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ICTP-ITU-URSI School on Wireless Networking for Development The Abdus Salam International Centre for Theoretical Physics ICTP, Trieste (Italy), 6 to 24 February 2006

Basic Antenna Theory

Ryszard Struzak

www. ryszard.struzak.com

Note: These are preliminary notes, intended only for distribution among the participants. Beware of misprints!

Purpose

• to refresh basic concepts related to the antenna physics

– needed to understand better the operation and design of microwave links and networks

Outline

• Introduction

• Review of basic antenna types

• Equivalent circuit & radiation efficiency

• Smart antennas

• Some theory

• Summary

Quiz

Transmitting antennas are used to radiate energy in the form of radio waves Receiving antennas -- to capture that energy Somebody told that the receiving antenna during the reception also radiates radio waves Is it a true fact or a slip of the tongue?

• Intended antennas

– To produce/ receive specified EM waves: Radiocommunication antennas; Measuring antennas; EM sensors, probes; EM applicators (Industrial, Medical, Scientific)

• Unintended antennas - active

– EM waves radiated as an unintended side-effect:

• Any conductor/ installation with varying electrical current (e.g. electrical installation of vehicles)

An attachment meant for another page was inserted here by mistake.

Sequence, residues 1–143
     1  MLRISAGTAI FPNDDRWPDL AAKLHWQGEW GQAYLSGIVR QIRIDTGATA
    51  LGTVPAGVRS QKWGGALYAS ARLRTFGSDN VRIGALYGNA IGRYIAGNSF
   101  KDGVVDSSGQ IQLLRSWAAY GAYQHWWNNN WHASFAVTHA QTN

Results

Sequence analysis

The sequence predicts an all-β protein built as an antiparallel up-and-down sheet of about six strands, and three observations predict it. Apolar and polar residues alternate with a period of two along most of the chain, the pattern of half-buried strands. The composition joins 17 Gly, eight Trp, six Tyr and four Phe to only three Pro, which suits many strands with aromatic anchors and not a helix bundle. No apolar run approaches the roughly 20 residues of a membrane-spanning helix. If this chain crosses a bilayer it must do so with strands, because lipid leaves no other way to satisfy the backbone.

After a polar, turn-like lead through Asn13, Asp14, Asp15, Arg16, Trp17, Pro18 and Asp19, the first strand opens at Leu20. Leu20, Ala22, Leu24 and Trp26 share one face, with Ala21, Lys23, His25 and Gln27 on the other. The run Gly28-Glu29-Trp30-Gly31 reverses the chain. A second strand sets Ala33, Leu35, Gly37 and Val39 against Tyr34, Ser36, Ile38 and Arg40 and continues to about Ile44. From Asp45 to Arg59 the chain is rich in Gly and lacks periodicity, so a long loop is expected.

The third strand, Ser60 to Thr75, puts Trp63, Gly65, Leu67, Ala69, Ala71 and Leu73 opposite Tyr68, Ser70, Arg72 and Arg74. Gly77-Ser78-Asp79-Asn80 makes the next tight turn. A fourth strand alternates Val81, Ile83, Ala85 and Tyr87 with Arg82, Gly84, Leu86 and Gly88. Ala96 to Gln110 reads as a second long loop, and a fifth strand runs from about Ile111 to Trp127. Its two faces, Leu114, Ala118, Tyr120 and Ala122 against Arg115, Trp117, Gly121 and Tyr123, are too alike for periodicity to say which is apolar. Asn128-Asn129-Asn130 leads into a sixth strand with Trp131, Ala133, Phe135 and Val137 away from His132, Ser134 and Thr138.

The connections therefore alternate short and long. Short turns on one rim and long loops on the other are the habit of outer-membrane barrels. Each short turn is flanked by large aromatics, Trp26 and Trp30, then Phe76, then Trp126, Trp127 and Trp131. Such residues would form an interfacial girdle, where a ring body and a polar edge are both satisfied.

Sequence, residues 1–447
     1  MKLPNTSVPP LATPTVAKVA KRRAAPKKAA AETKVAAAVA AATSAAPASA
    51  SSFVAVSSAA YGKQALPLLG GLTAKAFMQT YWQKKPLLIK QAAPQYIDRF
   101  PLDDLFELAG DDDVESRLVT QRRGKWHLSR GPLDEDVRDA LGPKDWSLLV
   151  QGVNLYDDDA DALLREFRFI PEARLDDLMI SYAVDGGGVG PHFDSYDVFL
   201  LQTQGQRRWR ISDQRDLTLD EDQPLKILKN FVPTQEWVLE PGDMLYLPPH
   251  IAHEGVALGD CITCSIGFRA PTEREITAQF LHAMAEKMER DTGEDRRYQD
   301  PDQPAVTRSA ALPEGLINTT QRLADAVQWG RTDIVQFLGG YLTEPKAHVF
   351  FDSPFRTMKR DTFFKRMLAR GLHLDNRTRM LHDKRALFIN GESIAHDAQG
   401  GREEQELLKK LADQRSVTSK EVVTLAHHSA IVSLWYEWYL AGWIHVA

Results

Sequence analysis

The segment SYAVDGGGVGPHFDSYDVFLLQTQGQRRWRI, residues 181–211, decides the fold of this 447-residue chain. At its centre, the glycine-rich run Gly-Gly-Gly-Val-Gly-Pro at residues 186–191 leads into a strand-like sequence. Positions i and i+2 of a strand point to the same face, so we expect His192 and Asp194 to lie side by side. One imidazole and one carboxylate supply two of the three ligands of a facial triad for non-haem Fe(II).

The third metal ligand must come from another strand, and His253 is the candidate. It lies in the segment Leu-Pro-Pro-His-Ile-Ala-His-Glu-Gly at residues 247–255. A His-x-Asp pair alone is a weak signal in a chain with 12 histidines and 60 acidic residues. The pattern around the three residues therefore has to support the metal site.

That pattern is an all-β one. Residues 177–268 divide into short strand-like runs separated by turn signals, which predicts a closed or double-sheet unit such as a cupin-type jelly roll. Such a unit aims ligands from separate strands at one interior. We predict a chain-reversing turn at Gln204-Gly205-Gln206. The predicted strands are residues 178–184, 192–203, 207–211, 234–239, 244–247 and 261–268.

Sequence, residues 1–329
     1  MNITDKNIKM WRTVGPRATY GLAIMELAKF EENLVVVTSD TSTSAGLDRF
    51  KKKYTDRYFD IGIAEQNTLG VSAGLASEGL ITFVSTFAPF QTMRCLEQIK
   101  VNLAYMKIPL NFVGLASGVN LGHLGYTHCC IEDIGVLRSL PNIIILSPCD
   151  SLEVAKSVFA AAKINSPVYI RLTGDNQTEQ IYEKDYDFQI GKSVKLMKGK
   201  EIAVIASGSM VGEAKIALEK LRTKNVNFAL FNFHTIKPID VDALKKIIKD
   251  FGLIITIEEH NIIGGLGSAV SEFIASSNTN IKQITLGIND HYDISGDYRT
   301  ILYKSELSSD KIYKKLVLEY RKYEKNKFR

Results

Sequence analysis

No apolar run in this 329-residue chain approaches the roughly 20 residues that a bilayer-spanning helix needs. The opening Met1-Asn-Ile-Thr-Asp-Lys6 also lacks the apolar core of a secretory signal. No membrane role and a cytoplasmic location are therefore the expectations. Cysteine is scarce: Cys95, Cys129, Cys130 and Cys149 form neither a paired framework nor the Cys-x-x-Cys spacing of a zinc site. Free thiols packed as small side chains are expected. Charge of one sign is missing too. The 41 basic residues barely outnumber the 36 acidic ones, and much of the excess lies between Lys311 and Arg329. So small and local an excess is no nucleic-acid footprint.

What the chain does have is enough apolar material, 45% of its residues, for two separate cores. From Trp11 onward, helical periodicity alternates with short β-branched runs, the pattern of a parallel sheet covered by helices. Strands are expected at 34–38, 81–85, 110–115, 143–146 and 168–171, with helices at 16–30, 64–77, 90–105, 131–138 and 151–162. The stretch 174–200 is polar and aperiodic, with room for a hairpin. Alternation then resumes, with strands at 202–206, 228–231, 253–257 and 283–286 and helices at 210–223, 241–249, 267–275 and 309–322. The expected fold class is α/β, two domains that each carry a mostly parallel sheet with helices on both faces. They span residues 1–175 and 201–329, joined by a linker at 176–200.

• Any slot/ opening in the screen of a device/ cable carrying RF current

• Any discontinuity in transmission medium (e.g. conducting structures/ installations) irradiated by EM waves

• Unintended antennas - passive

– Stationary (e.g. antenna masts or power line wires); Time-varying (e.g. windmill or helicopter propellers); Transient (e.g. aeroplanes, missiles)

Antenna fuction

Space wave

Guided wave

• Transformation of a guided EM wave (in waveguide/ transmission line ) into an EM wave freely propagating in space, with specified directional characteristics (or vice versa)

– Transformation from time-function in one-dimensional space into time- function in three dimensional space

– The specific form of the radiated wave is defined by the antenna structure and the environment

• Transmission line

– Power transport medium - must avoid power reflections, otherwise use matching devices

– Must radiate efficiently – must be of a size comparable with the half-wavelength

• Resonator

– Unavoidable - for broadband applications resonances must be attenuated

Monopole (dipole over plane)

Sharp

transition

region

Uniform wave traveling along the line

High-Q

Narrowband

Smooth

transition

region

Low-Q